As the COVID-19 pandemic spreads around the world, the demand for medical supplies such as test kits, reagents, masks etc. skyrockets. In its turn, the growing deficiency has pushed a growth in counterfeit products.
Since China has been the leading manufacturer of many kinds of products, it is no wonder that a large share of counterfeit equipment has been exported from the country. For instance, Australia recalled 800,000 fake masks made in China, while another 600,000 were intercepted by Dutch officials and Turkey complained that test kits shipped from China were faulty, too. From Spain to the UK and all the way to Australia, the complaints against China-made COVID-19 medical equipment was excessive.
According to the Independent news outlet, China contributed to the production of counterfeit COVID-19 medical equipment by allowing companies that 'knew very little medical standards' to produce and purchase the supplies. Most non-pharmaceutical Chinese companies quickly diverted their business lines to medical equipment production during the coronavirus outbreak owing to government subsidies, lower taxes, interest-free loans and fast-tracked approvals.
The outbreak of complaints forced the country’s government to strengthen quality control over the firms manufacturing medical supplies. This has resulted in expert bans for companies whose products are of insufficient quality.
One of such countries is a former blockchain startup Tus Data Asset. The company was previously dealing with innovative technologies, Artificial Intelligence and cryptographic algorithms, however, after the COVID-19 outbreak, they have quickly switched to manufacturing medical equipment as this niche is more profitable now.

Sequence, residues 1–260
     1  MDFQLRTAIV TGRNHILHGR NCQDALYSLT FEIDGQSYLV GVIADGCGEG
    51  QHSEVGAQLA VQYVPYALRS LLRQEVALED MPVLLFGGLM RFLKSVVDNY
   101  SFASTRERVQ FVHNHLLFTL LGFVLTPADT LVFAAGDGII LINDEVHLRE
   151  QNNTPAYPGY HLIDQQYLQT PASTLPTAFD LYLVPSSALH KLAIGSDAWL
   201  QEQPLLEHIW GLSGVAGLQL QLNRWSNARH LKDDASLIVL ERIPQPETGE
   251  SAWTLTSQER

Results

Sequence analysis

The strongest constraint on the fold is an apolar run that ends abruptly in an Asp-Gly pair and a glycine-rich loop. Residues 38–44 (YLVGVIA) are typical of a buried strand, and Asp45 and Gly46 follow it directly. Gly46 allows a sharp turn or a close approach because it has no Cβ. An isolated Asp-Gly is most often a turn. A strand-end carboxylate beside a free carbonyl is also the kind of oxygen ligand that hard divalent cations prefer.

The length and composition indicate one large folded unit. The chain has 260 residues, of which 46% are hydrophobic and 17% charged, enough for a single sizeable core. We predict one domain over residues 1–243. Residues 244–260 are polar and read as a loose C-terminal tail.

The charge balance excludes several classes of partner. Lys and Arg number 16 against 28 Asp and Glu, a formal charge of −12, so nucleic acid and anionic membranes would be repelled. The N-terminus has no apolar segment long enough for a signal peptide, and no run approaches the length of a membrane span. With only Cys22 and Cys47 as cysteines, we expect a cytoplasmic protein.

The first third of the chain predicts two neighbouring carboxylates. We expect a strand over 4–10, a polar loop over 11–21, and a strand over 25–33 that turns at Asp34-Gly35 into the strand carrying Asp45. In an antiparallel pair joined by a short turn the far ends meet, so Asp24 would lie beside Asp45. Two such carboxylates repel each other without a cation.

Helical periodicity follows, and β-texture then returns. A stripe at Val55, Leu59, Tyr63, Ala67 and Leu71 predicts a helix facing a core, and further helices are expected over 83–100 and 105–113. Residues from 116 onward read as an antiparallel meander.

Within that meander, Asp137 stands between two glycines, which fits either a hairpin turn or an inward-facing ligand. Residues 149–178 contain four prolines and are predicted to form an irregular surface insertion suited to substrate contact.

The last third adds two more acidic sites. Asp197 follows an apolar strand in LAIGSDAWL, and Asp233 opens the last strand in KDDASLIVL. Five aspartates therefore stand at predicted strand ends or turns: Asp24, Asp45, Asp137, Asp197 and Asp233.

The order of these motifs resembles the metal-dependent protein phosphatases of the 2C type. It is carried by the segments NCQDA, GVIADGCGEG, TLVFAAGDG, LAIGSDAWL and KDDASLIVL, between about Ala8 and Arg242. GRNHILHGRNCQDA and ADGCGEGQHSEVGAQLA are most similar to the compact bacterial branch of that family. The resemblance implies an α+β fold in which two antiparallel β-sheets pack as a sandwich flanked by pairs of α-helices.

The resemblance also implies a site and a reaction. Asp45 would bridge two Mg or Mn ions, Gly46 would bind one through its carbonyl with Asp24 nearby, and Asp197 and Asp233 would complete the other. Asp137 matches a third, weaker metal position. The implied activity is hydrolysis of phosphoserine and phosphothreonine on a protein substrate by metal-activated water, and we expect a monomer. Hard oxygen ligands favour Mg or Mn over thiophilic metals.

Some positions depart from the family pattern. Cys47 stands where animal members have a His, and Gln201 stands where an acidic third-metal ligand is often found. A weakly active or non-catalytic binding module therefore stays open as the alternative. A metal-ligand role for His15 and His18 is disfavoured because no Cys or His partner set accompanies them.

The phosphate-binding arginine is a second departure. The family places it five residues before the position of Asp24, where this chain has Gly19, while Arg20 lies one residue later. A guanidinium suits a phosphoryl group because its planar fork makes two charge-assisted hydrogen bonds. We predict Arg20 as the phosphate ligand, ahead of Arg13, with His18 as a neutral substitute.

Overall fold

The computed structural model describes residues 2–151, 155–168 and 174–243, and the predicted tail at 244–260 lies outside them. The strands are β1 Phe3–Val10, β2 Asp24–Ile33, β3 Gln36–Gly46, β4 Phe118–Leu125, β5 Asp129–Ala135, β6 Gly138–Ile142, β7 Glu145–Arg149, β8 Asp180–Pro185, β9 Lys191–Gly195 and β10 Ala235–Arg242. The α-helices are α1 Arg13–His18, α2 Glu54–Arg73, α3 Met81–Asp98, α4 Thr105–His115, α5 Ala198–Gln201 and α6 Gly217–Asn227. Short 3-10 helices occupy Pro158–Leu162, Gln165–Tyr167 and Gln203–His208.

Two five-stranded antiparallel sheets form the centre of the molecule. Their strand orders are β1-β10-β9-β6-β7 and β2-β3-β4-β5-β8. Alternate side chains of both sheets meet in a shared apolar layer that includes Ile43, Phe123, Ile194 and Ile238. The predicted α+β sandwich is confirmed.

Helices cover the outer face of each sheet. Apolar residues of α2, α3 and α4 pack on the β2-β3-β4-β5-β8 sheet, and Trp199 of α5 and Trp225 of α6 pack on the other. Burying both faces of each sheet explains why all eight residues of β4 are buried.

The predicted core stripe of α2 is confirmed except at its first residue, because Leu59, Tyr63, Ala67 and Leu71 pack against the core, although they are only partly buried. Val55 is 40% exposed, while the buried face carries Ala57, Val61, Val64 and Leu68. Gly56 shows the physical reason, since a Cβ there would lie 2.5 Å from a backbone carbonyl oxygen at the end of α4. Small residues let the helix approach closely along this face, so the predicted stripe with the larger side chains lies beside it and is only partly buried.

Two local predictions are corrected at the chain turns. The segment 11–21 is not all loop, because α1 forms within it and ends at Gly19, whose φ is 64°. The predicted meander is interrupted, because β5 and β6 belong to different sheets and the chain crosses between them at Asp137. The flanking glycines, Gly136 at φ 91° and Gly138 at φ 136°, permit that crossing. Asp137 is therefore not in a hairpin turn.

However, things fell apart for Tus Data Asset when the Ministry of Commerce took the difficult decision to end its medical gear export business citing the production of sub-standard equipment unworthy of exportation.
Another company affected by the same order was a Shenzhen-based audio tech firm Aibaoda that put aside the sale of earphones, microphones and loudspeakers and resorted to exporting masks bought from different Chinese manufacturers. Although the two companies jumped in the market on an ad hoc basis, both companies were found to have absolutely no experience dealing with medical supplies. Their overseas clients had received some counterfeit products supplied by them.
It seems not only Chinese companies are trying to adjust to the changing demand. Some drug dealers from the darknet also see selling of medical equipment as a profitable business alternative as well.
Coinidol.com, a world blockchain news outlet, has previously reported that since big online markets including Amazon suspended selling of N95 protective masks to the public due to their deficiency for medical workers, some darknet entrepreneurs started selling them in their underground shops. At higher prices, of course.
It might have been caused by the sharp decrease in the demand for the goods they usually offer, such as drugs, stolen credentials and other illegal products, so the entrepreneurs are prompted to seek alternatives to keep their darknet business afloat. So, as we may see, the coronavirus pandemics is indeed changing all markets in the world.